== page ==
28 February 2014

Uganda: World Bank Postpones Loan to Uganda Over Anti-Gay Law

Photo: Amy Fallon/IPS
Uganda’s inadequate road infrastructure has been blamed from the increased traffic congestion in the country, especially in the capital, Kampala

The World Bank has postponed a loan to Uganda's health system because of the African country's new anti-gay law.

It comes after similar moves from Denmark, the Netherlands and Norway and criticism from the US.

The World Bank's loan was worth $90 million dollars (65.6 million euros) to Uganda for maternal health, newborn care and family planning. It follows decisions by the Netherlands to freeze a $9.6 million subsidy to Uganda's legal system, while Denmark and Norway said they would redirect around $8.2 million each towards private sector initiatives, aid agencies and rights organisations.

"We have postponed the project for further review to ensure that the development objectives would not be adversely affected by the enactment of this new law," a bank spokesman said on Thursday. The bank still has a $1.56 billion portfolio of projects in Uganda.

President Yoweri Museveni, who has been in power for 28 years, signed a bill into law which holds that "repeat homosexuals" should be jailed for life, outlaws the promotion of homosexuality and requires people to report on homosexuals.

In reaction to the criticism, government spokesman Ofwono Opondo said in a message on Twitter: "The West can keep their 'aid' to Uganda over homos, we shall still develop without it."

Names and photographs of 200 people accused of being gay were printed in a tabloid newspaper in Uganda this week. The UN Office of the High Commissioner for Human Rights on Thursday condemned the publication of the names, warning that it not only violated the right to privacy, but also "demonstrates the very real danger that the new anti-homosexuality law will encourage acts of violence and harassment".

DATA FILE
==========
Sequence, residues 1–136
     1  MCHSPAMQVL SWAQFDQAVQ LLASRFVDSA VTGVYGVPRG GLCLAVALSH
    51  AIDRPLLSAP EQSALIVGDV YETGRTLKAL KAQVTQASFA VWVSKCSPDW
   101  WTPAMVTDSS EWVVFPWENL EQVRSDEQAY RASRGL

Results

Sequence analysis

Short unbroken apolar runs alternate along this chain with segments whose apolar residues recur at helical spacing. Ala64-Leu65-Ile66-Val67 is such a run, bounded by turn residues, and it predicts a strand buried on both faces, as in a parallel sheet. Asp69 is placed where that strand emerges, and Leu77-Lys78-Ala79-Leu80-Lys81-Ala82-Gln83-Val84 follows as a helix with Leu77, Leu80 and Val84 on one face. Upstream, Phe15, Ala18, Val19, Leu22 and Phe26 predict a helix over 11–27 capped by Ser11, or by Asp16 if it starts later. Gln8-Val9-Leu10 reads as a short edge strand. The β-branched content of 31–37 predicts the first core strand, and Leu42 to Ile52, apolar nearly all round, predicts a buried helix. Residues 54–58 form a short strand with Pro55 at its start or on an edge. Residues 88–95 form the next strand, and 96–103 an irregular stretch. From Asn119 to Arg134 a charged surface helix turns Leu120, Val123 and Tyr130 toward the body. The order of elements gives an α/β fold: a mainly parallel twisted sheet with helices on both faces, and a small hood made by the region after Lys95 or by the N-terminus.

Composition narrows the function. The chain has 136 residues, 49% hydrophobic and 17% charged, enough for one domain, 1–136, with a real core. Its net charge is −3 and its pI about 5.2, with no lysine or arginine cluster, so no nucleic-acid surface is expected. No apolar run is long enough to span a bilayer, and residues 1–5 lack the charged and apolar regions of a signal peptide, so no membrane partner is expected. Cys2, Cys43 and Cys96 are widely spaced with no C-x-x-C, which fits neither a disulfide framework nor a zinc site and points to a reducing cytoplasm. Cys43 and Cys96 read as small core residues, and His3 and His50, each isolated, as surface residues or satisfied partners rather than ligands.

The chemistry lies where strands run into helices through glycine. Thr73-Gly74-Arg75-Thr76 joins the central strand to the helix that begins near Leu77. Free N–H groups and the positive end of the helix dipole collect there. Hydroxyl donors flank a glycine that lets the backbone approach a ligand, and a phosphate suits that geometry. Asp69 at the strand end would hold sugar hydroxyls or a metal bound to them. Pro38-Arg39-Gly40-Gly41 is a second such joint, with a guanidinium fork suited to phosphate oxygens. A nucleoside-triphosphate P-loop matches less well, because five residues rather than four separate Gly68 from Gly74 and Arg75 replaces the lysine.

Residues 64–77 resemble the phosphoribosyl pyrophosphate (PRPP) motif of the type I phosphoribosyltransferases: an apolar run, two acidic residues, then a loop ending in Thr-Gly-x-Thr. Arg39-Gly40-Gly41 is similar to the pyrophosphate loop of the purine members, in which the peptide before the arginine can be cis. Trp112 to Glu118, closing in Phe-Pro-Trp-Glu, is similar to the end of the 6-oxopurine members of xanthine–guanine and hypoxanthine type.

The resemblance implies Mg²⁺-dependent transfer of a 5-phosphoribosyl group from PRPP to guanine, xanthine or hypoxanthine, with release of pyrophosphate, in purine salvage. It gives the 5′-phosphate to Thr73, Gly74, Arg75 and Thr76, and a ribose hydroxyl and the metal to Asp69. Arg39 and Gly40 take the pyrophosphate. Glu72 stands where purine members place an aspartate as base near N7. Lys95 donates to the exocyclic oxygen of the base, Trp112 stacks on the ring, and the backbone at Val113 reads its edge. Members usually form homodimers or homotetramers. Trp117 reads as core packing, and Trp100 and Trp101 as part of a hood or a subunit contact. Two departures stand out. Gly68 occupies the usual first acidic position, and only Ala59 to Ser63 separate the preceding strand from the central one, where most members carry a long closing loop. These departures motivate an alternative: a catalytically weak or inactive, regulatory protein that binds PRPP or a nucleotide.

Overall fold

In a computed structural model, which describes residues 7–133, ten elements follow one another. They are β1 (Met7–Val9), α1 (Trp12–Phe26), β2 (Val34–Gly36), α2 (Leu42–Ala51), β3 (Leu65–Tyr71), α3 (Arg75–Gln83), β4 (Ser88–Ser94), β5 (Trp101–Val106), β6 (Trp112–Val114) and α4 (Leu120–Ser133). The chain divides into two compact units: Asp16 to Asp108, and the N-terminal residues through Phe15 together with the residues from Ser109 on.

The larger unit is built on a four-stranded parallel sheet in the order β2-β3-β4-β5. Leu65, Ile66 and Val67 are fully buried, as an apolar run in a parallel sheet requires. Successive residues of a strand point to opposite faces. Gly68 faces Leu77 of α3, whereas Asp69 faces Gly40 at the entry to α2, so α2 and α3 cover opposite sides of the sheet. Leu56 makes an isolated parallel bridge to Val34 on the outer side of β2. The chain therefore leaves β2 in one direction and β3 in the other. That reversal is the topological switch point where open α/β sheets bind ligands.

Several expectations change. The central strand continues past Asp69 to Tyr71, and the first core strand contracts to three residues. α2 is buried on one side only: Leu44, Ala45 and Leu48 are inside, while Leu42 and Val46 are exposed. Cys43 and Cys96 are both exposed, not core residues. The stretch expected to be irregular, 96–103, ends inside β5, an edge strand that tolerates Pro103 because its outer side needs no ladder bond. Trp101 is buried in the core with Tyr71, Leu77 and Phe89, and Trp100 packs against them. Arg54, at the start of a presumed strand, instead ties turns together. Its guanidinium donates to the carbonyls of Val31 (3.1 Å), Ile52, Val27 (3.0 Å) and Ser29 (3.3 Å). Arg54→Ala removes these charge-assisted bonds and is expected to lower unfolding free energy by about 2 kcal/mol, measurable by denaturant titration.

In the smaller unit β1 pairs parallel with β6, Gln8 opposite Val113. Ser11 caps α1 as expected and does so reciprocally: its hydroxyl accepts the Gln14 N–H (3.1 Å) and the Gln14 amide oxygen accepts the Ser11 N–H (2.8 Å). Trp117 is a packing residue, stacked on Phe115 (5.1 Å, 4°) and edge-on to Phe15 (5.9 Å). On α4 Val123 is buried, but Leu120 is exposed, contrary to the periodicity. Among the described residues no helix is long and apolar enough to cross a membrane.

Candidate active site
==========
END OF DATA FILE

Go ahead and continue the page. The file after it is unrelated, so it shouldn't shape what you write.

US Secretary of State John Kerry on Wednesday compared the "flat-out morally wrong" and "atrocious" law to anti-Semitic legislation in Nazi Germany or apartheid in South Africa.

Ugandan gay rights activist Frank Mugisha met with the top US diplomat for Africa, Linda Thomas-Greenfield and acting assistant secretary for human rights Uzra Zeya in Washington on Thursday to discuss "mutual concerns" about safety and "how the US might respond to the law's enactment."

Ads by Google

Copyright © 2014 Deutsche Welle. All rights reserved. Distributed by AllAfrica Global Media (allAfrica.com). To contact the copyright holder directly for corrections — or for permission to republish or make other authorized use of this material, click here.

AllAfrica publishes around 2,000 reports a day from more than 130 news organizations and over 200 other institutions and individuals, representing a diversity of positions on every topic. We publish news and views ranging from vigorous opponents of governments to government publications and spokespersons. Publishers named above each report are responsible for their own content, which AllAfrica does not have the legal right to edit or correct.

Articles and commentaries that identify allAfrica.com as the publisher are produced or commissioned by AllAfrica. To address comments or complaints, please Contact us.